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September Bond Policy Update

September 28, 2023

In this piece, we take key points from our firm's most recent Bond Policy Meeting and share them with our readers. Hopefully, this piece will provide some insight into the economy and fixed income markets and give you a sense of how our team is thinking about recent trends and developments.

Crawford Bond Policy

  • Nominal Treasury yields moved higher across the curve between the July and September Fed meetings. The increase in 5-year and longer maturity yields can be attributed to:
    • Higher Real yields, reflecting an expectation for the Fed to maintain its target rate for an extended period of time, and
    • The resurrection of term-premium (additional yield compensation for longer-term securities) last seen prior to the financial crisis.

  • Investment-Grade Corporate bond spreads have been unchanged since our July bond policy meeting despite significant new issuance volume in September. This is supported by an overall drop in year-to-date issuance of ~ 3%.
    • Spreads are currently below the 1-year and 30-year+ averages. This has been a meaningful contributor to our relative performance.

  • The high-grade Municipal bond market has outperformed taxable securities since our July bond policy meeting.
    • It remains at historically low relative value levels versus comparable Treasury securities across the yield curve.
    • Absolute yields are attractive, however, reaching levels last seen in 3Q22 and 10 years prior.

  • Chairman Powell's press conference following the Fed meeting was “hawkishly” optimistic with an improved economic outlook and lower inflation and unemployment projections:
    • The labor market remains tight but supply and demand conditions continue to come into “better balance.”
    • The economy has been expanding faster than expected this year. Consumer spending has been “particularly robust,” and housing has “picked up somewhat.”
    • Inflation “remains well above the longer-run goal of 2%.” There’s a “long way to go” in the process of getting inflation down.
    • Rate Policy: “It’s certainly plausible that the neutral rate is slightly higher than the longer-run rate."
    • Powell stated: “A soft landing is our primary objective… That’s what we have been trying to achieve.”

  • Chairman Powell communicated that the Fed is now in a very good place to react to incoming data through policy decisions. The Fed's decision to leave the fed funds rate unchanged is likely more of a “pause” than a “skip”. Timing policy precisely in this final stretch of working inflation down will be challenging. The difference between achieving a soft landing and tipping the economy into recession is marginal.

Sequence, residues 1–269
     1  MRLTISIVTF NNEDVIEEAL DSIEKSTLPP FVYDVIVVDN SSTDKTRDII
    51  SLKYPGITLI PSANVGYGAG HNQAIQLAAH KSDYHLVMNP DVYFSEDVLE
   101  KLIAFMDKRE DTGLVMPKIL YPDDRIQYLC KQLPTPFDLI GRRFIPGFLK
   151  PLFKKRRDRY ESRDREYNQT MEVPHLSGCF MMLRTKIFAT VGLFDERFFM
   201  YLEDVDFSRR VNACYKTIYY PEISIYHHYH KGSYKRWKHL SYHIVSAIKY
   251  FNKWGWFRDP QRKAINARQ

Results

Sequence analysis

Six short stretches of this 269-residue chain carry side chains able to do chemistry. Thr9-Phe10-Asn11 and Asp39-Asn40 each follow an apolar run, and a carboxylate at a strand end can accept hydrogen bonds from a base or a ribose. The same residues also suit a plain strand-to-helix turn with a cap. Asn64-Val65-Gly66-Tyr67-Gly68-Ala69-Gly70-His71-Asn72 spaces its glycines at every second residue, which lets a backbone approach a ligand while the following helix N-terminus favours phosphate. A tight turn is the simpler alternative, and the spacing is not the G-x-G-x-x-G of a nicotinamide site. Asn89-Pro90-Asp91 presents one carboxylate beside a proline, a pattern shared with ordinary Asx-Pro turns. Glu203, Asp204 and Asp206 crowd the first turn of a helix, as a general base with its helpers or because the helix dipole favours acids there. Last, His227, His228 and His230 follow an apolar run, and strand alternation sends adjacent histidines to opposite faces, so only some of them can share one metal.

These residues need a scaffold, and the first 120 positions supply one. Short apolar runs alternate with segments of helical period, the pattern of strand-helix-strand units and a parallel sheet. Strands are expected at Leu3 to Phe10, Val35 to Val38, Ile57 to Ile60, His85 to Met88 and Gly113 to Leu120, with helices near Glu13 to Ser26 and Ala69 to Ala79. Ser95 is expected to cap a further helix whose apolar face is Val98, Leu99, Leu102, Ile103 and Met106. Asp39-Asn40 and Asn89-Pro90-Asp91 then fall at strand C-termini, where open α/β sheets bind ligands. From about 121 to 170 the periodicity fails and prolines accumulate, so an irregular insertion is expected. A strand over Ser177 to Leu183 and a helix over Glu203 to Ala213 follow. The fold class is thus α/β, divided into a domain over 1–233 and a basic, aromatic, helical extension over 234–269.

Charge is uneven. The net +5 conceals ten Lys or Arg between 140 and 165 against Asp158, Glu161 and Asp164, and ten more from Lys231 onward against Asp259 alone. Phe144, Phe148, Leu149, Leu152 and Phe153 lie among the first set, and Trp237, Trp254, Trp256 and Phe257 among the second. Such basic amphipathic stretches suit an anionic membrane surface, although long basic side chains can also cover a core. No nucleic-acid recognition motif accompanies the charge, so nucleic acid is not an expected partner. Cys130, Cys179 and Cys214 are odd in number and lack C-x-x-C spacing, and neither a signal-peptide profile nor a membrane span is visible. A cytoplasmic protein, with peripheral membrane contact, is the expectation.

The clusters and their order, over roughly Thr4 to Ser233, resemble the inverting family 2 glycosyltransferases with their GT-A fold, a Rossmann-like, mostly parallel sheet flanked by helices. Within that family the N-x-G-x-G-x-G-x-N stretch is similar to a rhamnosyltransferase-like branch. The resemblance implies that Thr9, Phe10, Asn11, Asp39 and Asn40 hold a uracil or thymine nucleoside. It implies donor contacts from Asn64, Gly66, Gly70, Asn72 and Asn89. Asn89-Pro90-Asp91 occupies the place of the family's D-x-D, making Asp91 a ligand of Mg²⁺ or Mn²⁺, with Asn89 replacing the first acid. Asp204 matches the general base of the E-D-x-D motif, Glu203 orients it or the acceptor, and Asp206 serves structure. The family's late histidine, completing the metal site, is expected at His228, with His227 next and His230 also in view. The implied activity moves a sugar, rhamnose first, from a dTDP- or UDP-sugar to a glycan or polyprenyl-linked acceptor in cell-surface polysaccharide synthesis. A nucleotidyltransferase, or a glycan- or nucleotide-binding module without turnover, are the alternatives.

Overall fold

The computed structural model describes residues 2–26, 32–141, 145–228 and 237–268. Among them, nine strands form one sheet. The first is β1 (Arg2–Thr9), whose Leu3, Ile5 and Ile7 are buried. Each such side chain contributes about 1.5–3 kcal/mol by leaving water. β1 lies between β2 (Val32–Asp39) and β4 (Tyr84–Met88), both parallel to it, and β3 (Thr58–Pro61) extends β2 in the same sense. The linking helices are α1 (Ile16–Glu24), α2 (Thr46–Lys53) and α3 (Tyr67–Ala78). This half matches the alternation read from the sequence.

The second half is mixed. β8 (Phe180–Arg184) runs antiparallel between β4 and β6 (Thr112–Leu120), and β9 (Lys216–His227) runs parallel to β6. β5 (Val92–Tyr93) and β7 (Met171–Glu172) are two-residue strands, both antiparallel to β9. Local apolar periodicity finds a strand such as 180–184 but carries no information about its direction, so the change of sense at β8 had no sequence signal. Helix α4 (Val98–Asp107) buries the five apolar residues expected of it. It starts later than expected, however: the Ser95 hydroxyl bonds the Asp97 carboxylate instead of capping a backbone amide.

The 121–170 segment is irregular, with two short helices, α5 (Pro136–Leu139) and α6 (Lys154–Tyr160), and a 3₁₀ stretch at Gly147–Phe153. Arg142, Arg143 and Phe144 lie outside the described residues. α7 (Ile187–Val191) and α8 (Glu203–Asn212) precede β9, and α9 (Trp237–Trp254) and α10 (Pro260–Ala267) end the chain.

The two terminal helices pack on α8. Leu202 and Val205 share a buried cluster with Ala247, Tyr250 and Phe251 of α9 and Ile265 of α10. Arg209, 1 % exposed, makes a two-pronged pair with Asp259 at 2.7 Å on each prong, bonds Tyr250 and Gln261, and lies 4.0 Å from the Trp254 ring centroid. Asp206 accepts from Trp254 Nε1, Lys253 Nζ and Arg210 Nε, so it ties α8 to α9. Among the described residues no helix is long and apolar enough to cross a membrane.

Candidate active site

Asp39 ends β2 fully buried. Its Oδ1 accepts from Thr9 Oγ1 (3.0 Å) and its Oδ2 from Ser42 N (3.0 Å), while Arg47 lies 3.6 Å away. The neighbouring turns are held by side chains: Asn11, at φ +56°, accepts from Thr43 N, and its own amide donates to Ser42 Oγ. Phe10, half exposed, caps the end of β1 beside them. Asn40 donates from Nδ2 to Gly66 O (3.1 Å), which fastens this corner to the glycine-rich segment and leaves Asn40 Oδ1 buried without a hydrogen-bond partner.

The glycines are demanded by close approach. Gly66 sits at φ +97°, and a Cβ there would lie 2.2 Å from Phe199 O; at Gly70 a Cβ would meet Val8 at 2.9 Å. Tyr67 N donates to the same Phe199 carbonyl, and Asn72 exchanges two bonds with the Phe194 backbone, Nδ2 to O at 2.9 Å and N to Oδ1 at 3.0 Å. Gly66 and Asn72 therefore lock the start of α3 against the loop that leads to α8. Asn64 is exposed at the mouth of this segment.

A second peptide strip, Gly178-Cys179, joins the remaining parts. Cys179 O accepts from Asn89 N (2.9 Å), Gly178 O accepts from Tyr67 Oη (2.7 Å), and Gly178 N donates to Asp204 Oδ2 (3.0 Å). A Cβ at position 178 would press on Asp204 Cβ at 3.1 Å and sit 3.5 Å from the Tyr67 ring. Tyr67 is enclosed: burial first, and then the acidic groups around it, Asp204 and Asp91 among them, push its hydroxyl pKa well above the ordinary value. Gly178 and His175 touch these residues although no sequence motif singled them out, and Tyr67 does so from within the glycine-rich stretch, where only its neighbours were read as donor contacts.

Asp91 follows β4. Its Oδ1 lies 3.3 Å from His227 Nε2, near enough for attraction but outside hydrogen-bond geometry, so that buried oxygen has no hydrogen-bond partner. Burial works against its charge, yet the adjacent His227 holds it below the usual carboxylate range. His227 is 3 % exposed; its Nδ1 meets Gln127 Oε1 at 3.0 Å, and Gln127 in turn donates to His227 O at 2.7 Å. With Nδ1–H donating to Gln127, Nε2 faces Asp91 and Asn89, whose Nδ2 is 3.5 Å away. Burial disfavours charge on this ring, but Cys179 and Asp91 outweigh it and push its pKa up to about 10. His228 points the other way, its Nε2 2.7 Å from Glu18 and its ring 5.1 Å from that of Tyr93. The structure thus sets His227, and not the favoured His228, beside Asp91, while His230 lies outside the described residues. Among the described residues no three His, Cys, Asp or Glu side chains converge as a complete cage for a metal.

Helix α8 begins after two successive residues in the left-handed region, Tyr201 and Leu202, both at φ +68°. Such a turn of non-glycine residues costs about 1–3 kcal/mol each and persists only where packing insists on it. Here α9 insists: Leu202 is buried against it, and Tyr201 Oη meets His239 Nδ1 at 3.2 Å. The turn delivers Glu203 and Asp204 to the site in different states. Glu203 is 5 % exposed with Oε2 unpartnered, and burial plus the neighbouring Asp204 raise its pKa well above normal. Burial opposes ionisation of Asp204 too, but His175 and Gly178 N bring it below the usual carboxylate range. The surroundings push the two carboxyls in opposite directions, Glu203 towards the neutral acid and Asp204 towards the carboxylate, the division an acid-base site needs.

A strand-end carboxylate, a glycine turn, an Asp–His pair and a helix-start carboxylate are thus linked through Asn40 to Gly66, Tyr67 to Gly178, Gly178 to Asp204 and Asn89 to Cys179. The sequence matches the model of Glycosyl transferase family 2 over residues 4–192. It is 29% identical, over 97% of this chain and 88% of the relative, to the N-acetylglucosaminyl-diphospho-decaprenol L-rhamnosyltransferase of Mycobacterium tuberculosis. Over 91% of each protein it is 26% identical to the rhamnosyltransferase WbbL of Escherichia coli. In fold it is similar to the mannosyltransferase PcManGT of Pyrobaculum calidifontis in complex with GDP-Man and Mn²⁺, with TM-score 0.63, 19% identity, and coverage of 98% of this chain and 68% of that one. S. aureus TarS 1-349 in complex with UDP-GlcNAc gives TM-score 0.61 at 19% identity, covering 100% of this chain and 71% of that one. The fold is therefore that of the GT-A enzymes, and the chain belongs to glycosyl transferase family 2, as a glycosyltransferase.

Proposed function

• Bond market performance since the June Fed meeting suggests the economy has transitioned from a supply-constrained, stimulus-driven inflationary environment to a more traditional cyclical growth environment where the real economy is accelerating. This is illustrated by the rise in real yields.

  • Our policy is to maintain the average effective maturity of our strategies at the longer end of our intermediate investment horizon. We will maintain our bias to “defensive” corporate market issuers, tax-backed and essential service municipal issuers, and government agencies. We are hopeful for an economic soft landing but mindful of the potential for recession.

Treasury Yields as of 9/21/2023 (Post-Fed Meeting)

  • Nominal Treasury yields moved progressively higher across the curve since our July bond policy meeting.
  • The 3-month/10-year Treasury yield curve inversion (beginning in November 2022) flattened by ~43 basis points, and the 2-year/10-year Treasury yield curve inversion (beginning in July 2022) flattened by ~23 basis points. 
  • Market inflation expectations, as reflected in TIPs (Treasury Inflation Protected securities) “Breakevens,” were mixed with expectations moving higher in the 1- to 2-year range, while intermediate and longer-term expectations were essentially unchanged.
  • Real yields fell in 1-year Treasuries but rose meaningfully in the 5- to 30-year range.

  • Treasury yields moved higher between the July and September Fed meetings as economic growth prospects outweighed concerns surrounding potential impact from additional tightening. This yield move was specifically driven by an increase in Real Yields, reflecting market expectations for:
    • The Fed to maintain the terminal federal funds rate for a longer period,
    • Consideration for the potential impacts of secular changes in the economy, and
    • The term premium required to compensate investors for uncertainty surrounding U.S. Government deficit growth and increased financing costs.

  • Current and near-term issues that could cause economic disruption and uncertainty include:
    • The UAW strikes
    • Potential Government shutdown
    • The resumption of student loan payments, and
    • High energy prices
    • BRICS - geopolitics

Corporate Bond Market - Option-Adjusted Spread (OAS)

  • Investment-Grade Corporate Option-Adjusted Spread (OAS) evaluates the additional compensation investors require for credit risk being taken above a risk-free treasury security. 
  • Investment Grade Corporate OAS is essentially unchanged from our July bond policy meeting (recent peak was March 15th at +163).